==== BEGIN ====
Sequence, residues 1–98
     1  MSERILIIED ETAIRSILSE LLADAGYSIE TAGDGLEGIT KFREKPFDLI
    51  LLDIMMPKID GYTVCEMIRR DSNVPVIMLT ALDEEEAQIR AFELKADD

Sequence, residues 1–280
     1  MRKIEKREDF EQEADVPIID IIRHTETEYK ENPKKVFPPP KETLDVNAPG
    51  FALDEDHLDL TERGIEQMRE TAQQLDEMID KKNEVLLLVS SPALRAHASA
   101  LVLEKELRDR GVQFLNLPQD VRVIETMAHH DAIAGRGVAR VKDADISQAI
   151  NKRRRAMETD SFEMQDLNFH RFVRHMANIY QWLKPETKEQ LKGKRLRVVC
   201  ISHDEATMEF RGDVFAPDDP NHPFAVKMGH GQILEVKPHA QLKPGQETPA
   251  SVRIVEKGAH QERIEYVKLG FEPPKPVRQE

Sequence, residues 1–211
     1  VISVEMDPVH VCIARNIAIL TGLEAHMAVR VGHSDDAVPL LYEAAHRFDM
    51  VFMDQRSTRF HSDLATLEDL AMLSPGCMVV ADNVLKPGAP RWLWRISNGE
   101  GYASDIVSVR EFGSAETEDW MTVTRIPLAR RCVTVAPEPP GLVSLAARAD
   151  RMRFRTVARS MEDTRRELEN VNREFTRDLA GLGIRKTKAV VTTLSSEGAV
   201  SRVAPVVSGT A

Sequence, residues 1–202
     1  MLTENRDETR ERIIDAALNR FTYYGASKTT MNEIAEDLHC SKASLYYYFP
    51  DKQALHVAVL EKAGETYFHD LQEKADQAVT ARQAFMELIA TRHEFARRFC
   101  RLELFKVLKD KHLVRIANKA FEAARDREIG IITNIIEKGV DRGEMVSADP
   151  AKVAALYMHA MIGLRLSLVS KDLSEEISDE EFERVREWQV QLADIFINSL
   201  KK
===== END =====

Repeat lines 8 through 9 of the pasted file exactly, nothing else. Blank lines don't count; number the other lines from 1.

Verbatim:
   151  NKRRRAMETD SFEMQDLNFH RFVRHMANIY QWLKPETKEQ LKGKRLRVVC
   201  ISHDEATMEF RGDVFAPDDP NHPFAVKMGH GQILEVKPHA QLKPGQETPA